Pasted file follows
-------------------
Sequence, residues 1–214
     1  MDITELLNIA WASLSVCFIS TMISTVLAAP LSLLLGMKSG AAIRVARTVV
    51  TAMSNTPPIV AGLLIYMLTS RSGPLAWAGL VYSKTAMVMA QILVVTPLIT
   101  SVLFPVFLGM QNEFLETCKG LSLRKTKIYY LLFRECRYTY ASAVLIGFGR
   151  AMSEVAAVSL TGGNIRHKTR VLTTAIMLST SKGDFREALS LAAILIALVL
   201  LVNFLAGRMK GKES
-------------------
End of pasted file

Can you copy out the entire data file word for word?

Sequence, residues 1–214
     1  MDITELLNIA WASLSVCFIS TMISTVLAAP LSLLLGMKSG AAIRVARTVV
    51  TAMSNTPPIV AGLLIYMLTS RSGPLAWAGL VYSKTAMVMA QILVVTPLIT
   101  SVLFPVFLGM QNEFLETCKG LSLRKTKIYY LLFRECRYTY ASAVLIGFGR
   151  AMSEVAAVSL TGGNIRHKTR VLTTAIMLST SKGDFREALS LAAILIALVL
   201  LVNFLAGRMK GKES